Also notice that the 2-side and the 3-side each have distinct feels.
(The next tutorial in the series will provide an explanation for this.)

Exercise 4.1.1
Still with the Latin basic and the same track, practice entering the clave stream on different sides.

Aim to be ambidextrous - able to enter the clave stream and dance in either orientation at will.

Ask yourself, "Does the Latin basic feel different in the different orientations?"

Exercise 4.1.2
Repeat the two exercises above, substituting all the remaining basics.

Get a feel for each side of the clave e.g. how does the turn in the Single Right Turn feel on the 3-side as compared to the 2-side? That will help you with the next stage, which is to increase your feel for the effect of clave orientation on the entire basic.

Exercise 4.1.3
Practice all the exercises above to different speeds.

As a general rule, the clave feel tends to be less pronounced at the extremes of the tempo range; dissipating at lower tempi and compressing at the higher tempi.

You could get a better understanding of this phenomenon using the salsa walk instead of the basics.

Exercise 4.1.4
Change your orientation mid-way through the track.

You can do so by: holding still for one bar of music, or dancing an even number of steps in one bar e.g. stepping on pulse (2 steps), or stepping on every beat (4 steps).

This practice is especially useful in reducing your reaction time to orientation changes in the music, particularly live music. It also provides valuable insight into how salsa musicians reorientate in the clave stream.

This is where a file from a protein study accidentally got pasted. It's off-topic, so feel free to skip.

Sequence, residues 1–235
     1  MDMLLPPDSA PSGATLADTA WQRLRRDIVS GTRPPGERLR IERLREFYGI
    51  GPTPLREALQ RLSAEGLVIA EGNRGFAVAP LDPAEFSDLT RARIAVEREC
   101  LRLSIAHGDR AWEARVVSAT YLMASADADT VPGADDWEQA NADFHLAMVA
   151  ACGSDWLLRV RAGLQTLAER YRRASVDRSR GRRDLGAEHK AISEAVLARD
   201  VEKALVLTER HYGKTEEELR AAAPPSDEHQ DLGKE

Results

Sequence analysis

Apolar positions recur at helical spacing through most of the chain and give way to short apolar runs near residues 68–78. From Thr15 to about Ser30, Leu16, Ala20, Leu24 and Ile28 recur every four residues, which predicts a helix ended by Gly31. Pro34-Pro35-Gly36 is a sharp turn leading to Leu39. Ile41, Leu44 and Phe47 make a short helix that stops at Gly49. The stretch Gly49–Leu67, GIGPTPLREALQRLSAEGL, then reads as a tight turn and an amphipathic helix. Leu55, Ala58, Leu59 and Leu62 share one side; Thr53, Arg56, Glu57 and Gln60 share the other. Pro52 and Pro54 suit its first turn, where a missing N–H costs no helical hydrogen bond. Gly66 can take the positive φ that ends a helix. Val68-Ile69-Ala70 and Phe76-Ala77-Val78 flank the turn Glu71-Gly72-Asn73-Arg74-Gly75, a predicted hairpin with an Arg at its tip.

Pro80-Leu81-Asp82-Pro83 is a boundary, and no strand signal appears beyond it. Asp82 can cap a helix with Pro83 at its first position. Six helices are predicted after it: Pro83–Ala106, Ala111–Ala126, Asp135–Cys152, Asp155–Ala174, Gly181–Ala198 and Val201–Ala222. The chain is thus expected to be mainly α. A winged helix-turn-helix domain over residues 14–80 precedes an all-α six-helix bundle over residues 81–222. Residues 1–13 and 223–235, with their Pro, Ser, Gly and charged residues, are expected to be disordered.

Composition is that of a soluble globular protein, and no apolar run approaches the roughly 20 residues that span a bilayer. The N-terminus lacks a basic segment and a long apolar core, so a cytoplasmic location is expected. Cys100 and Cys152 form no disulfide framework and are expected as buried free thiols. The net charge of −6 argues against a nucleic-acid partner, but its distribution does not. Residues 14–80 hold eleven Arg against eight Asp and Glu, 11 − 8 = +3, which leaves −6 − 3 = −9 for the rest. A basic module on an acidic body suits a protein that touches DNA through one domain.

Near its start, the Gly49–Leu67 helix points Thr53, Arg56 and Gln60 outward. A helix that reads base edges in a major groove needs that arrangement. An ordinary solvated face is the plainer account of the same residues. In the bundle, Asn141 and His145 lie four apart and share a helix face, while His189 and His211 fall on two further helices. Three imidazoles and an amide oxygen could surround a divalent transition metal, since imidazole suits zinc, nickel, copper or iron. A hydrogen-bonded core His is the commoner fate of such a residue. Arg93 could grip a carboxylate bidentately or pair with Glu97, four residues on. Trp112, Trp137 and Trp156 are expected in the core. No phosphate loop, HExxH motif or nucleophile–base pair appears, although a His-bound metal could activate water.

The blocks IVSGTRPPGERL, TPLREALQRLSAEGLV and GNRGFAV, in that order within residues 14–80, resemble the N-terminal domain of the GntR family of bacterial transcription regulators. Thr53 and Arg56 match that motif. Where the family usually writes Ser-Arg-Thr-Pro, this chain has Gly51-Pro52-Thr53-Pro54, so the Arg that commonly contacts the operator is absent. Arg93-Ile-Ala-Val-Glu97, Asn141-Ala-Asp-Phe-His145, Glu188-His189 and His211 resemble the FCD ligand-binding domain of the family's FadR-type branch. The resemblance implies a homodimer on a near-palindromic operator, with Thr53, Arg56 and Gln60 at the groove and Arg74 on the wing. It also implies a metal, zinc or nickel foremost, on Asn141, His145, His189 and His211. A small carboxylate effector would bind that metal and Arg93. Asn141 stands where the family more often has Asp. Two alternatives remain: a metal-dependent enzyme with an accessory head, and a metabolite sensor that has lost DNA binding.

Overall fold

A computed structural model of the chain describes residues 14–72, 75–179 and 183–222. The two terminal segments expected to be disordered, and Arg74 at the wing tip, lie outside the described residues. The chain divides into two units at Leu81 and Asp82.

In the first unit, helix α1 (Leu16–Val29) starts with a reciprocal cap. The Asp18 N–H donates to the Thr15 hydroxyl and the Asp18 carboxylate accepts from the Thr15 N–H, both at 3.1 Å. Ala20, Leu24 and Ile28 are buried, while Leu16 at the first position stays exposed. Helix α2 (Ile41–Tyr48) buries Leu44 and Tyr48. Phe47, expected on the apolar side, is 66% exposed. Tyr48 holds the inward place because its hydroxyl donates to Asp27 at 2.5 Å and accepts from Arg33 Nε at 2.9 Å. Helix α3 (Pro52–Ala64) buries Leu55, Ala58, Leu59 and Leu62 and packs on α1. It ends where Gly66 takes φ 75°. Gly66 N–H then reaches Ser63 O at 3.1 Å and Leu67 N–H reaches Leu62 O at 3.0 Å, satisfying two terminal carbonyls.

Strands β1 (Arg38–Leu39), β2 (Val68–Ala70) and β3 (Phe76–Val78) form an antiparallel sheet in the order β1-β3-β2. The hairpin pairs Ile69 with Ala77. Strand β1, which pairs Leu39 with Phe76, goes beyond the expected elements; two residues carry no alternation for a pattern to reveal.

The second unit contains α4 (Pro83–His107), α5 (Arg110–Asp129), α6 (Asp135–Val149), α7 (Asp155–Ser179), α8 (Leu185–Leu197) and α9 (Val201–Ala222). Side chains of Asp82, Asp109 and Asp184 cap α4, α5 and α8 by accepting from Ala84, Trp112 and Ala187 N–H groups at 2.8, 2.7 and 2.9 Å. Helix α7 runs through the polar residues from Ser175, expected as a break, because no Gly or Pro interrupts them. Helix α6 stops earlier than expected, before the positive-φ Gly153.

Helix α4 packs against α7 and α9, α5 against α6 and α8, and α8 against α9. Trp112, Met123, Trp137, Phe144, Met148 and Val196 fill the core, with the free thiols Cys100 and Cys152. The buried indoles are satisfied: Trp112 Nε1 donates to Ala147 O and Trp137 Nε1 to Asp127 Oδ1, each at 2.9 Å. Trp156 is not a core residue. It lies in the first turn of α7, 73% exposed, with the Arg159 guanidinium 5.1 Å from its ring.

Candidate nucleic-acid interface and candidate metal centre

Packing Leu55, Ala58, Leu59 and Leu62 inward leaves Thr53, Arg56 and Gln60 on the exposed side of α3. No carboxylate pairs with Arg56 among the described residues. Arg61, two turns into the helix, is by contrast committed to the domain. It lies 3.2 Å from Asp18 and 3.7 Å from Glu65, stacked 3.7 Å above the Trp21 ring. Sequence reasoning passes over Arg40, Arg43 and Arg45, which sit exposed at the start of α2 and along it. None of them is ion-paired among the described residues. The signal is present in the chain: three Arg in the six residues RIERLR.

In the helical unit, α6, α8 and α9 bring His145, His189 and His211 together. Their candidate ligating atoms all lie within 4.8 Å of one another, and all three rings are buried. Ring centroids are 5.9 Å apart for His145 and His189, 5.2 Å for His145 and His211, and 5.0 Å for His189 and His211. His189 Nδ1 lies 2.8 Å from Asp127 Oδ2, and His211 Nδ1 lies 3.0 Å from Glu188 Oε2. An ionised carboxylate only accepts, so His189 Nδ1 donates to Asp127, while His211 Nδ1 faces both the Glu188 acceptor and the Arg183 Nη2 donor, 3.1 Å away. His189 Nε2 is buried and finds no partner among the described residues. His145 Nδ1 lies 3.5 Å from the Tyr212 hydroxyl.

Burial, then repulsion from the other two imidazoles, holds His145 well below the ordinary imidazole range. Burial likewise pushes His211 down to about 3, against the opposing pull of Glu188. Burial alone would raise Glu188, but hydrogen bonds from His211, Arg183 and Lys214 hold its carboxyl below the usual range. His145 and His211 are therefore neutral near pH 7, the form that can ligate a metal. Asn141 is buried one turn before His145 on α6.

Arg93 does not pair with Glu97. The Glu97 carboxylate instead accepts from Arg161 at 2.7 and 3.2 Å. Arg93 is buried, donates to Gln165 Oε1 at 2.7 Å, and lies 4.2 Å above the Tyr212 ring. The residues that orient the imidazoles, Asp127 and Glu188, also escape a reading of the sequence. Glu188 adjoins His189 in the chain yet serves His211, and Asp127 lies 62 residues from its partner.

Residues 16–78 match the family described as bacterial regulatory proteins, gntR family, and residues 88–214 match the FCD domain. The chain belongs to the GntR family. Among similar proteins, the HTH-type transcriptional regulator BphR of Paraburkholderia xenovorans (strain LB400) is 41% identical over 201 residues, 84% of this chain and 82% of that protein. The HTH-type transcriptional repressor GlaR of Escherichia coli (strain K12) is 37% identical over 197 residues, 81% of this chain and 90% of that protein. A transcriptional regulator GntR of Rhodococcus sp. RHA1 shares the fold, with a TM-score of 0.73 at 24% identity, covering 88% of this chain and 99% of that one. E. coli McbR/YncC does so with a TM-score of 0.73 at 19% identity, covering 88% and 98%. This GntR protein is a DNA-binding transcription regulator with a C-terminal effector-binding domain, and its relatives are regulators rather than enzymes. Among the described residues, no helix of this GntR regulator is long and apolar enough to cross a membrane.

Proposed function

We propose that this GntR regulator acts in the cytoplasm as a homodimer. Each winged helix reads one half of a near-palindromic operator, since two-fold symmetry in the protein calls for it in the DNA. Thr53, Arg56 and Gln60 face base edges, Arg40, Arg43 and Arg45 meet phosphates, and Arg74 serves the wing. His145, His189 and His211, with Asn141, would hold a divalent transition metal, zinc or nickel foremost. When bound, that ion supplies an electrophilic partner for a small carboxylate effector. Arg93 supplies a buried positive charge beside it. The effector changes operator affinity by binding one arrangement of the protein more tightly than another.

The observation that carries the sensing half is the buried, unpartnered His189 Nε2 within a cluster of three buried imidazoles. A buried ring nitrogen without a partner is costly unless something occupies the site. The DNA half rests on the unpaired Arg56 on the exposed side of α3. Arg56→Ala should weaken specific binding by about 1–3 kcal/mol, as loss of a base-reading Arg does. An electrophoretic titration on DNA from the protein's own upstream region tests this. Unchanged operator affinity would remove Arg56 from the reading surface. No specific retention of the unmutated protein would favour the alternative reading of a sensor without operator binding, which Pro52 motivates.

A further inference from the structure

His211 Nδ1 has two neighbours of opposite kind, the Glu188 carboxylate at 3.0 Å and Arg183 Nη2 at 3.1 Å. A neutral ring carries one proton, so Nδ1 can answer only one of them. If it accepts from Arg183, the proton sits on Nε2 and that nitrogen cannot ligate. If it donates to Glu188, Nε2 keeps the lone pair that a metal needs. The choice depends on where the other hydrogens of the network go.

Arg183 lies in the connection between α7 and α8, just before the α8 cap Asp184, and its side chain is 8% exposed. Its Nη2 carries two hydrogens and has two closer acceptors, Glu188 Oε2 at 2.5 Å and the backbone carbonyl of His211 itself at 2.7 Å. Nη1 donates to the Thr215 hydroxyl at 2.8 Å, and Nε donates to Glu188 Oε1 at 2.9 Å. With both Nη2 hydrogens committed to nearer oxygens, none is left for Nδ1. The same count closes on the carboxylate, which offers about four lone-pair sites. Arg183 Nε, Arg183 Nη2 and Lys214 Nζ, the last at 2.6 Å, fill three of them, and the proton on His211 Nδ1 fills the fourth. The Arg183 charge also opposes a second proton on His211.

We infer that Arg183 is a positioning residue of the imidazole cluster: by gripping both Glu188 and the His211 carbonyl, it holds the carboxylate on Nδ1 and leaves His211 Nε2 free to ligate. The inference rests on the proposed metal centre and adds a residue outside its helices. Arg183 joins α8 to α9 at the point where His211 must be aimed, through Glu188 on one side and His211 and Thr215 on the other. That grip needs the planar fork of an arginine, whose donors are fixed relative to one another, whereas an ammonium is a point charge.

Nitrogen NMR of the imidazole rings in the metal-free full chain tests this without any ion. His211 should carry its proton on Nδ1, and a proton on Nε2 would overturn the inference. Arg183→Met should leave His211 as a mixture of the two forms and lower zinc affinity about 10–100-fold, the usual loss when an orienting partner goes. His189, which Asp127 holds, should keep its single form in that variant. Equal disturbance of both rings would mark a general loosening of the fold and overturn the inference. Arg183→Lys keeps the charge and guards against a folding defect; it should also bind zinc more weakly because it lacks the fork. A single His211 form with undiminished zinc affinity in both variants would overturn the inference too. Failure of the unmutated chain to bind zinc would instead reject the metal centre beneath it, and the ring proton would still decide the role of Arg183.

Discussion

Polyrhythmic dancers
The best dancers are polyrhythmic by nature, commanding a minimum of three rhythm streams in mind and body, for example: the standard foot pattern, pulse in the torso, and mentally phrasing to clave. The ability to maintain several rhythm streams, allowing them to interact without distorting each other is called rhythmic independence.

Why would you want that?
Polyrhythmic dancing and independence are key to timing accuracy and rhythmic phrasing, (see next tutorial). It helps you become more receptive to new music, more responsive to live music, and to express your interpretation of music freely.

The next exercise begins your development as a polyrhythmic dancer, blurring the distinction between dancer and drummer in the finest Afro-Cuban tradition.

Exercise 4.2
Play the track: tumbao_with_clave_154bpm.mp3 (4.2 Mb)
(or a slower if necessary.)

Perform the Cucaracha basic to the conga tumbao, ignoring the clave for the moment.

Once in the flow of things, start listening for the clave and determine your orientation.

Keeping your legs moving to the cucaracha, start clapping the clave. Apart from developing rhythmic independence, this is a good test for how well you've naturalised the basic. If your basics are rock solid, you'd just need to concentrate on the clave rhythm and leave your feet to get on with their thing.

If your clave timing is spot on, the sound made by the clapping of your hands will mask perfectly the sound of the clave on the track.